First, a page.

The Czechoslovak House, 74 West End Lane, West Hampstead, NW6 2LX
The Czechoslovak House has a proud history. Founded in 1939 for Czechoslovakian soldiers, it found its current home in West Hampstead in 1946 following a beer ban in Holborn. It continues to operate as a sort of club-hostel-restaurant-bar to this day.
A welcome desk serves as a reception for inquiries and takeaway orders, but we are ushered to the 80s-chic dining room: white table cloths and large laminated menus. Portraits of grandees and royalty, delivered with dubious skill but clear determination, line the walls.
The menu is extensive, with over sixty numbered dishes, plus variants, and the English language version contains a little history box for an educational edge. Feeling good, we decide to order big.
There is no Czech wine available, sadly, but since they’re famoous for their beer anyway we’re happy to order Zlaty Bažant and Dark Budvar, both of which have the rich, malty edge that we hoped for.
The starters all sound good, and we opt for Langoš, a fried dough spread with tatare and tomato sauces, sprinkled with cheddar: a sort of billowy pizza bread. We also try Bramborák, a plate-sized chunky fried potato pancake spiced with marjoram and caraway, topped with sour cream, cheese, and salad, and finally Halušky, potato gnocchi with sheep’s cheese and bacon which are very rich, very salty and very filling.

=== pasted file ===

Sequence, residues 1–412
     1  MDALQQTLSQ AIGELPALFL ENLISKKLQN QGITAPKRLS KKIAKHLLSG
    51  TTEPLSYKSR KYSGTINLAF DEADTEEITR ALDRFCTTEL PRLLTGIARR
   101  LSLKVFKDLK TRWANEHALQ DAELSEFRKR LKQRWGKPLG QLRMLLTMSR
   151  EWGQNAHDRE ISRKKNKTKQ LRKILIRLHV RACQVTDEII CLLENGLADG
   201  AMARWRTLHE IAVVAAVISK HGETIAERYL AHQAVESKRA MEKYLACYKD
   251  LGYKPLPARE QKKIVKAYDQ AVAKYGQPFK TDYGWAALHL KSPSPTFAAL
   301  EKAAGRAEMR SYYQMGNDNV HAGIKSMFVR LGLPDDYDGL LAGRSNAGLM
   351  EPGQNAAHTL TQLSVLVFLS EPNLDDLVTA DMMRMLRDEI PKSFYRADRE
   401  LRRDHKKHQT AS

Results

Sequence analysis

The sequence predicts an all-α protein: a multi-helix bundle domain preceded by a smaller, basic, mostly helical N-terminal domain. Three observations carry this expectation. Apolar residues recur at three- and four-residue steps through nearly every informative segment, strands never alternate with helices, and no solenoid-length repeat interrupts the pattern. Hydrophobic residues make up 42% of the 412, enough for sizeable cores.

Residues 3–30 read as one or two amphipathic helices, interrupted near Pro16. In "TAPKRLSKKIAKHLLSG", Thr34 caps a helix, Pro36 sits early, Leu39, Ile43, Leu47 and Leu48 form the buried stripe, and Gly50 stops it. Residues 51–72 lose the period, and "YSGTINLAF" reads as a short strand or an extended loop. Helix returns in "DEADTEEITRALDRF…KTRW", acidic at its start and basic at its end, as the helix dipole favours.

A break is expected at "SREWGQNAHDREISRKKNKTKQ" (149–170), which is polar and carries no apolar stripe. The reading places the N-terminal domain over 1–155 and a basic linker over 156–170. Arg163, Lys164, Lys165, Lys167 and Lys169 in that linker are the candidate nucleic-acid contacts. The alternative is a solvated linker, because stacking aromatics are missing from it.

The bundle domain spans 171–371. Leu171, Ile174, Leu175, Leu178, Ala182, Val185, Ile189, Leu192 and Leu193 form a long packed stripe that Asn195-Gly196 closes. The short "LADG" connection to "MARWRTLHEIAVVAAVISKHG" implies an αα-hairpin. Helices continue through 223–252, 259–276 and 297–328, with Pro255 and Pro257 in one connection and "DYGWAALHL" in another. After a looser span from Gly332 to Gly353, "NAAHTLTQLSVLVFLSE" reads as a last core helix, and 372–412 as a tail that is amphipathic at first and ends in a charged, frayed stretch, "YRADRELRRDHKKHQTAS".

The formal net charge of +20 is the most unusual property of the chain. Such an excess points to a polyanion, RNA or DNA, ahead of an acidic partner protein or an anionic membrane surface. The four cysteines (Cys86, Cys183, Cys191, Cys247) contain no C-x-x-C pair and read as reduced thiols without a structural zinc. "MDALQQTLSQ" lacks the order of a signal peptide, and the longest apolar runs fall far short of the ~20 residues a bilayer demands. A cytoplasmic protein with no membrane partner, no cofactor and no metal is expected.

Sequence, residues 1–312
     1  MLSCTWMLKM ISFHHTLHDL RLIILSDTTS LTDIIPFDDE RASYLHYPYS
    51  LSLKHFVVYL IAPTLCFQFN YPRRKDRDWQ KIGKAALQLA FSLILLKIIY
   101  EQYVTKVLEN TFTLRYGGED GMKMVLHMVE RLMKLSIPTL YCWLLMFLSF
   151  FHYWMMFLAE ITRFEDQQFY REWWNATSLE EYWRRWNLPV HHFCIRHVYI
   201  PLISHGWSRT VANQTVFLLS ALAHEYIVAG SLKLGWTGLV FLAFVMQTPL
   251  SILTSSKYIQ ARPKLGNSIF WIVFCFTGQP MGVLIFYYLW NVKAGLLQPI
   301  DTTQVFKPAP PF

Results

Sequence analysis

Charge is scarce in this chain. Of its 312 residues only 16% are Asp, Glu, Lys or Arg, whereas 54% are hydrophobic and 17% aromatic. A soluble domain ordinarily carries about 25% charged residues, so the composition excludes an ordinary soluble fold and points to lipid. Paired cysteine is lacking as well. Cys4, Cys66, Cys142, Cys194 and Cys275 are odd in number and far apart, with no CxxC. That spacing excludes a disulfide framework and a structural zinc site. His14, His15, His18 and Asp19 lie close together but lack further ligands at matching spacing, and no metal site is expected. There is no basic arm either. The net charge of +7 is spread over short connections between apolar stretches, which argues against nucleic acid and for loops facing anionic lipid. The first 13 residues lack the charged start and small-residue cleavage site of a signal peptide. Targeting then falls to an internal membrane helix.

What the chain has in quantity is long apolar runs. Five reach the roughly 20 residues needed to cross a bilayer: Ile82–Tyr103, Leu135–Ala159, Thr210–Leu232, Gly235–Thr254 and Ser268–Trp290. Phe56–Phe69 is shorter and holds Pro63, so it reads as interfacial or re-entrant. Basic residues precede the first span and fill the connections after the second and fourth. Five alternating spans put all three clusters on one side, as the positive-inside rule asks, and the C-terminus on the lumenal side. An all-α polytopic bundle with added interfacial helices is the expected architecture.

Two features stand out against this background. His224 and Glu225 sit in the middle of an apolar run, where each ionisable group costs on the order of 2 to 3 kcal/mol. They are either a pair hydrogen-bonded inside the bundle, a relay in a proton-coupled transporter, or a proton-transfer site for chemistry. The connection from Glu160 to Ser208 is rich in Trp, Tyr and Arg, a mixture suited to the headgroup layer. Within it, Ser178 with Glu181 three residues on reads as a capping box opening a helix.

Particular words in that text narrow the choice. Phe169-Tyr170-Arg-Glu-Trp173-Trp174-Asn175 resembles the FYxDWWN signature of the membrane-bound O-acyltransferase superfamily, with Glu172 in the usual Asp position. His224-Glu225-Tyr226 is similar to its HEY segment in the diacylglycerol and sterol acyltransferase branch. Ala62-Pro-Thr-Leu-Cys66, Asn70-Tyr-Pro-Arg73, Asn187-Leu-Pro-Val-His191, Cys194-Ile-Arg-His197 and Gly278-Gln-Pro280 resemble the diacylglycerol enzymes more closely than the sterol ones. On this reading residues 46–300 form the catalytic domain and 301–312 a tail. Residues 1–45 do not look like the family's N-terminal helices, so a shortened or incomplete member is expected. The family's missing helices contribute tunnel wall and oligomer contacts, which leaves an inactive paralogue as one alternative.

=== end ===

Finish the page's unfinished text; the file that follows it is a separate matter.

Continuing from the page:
In fact we are now full enough for a little lie down, but this is no place for the faint-hearted, so we plough on.
For mains Sophie and Joe choose Segediner Gulash, pork cooked with sauerkraut and double cream, spiced with red paprika and served with steamed slices of what must have once been an enormous dumpling, that are like round slabs of thick, spongy white bread. It’s a very rich dish to take on following those starters.
Likewise Steve’s Svíčková, which is roast beef in cream and vegetable sauce, served with a few more slabs cut from the aforementioned mega-dumpling. Both main dishes are tasty, though not quite as interesting as the starters, swimming, as they do, in their respective sauces – and they’re just too damn big. Only one plate is cleared.
Sweating heavily and loosening top buttons, we take on dessert. We’re all keen on the various versions of Meruňkovỳ kynutỳ (apricot dumplings), but sadly they’re unavailable, so it’s Jablkový Štrůdl (apple strudel) all round instead. It is served with squirty cream, ice cream, dusted with icing sugar and spiced with cinnamon, but is still just apple strudel, and a bit of a tame end to an otherwise interesting meal.
You get the sense some people eat heartily at the Czechoslovak House every night, watched over by glorious forefathers, and accompanied by glorious beers. And why not? It’s an odd, welcoming place, and it’s worth a visit.